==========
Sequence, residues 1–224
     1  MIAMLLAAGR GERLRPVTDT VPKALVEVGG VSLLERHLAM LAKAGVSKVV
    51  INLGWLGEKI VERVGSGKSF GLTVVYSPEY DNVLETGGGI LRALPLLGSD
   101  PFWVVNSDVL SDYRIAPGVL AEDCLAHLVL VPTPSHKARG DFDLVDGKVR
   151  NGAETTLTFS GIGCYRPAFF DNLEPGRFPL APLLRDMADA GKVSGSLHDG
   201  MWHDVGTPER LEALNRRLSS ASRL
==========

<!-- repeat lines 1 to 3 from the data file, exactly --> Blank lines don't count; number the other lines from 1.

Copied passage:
Sequence, residues 1–224
     1  MIAMLLAAGR GERLRPVTDT VPKALVEVGG VSLLERHLAM LAKAGVSKVV
    51  INLGWLGEKI VERVGSGKSF GLTVVYSPEY DNVLETGGGI LRALPLLGSD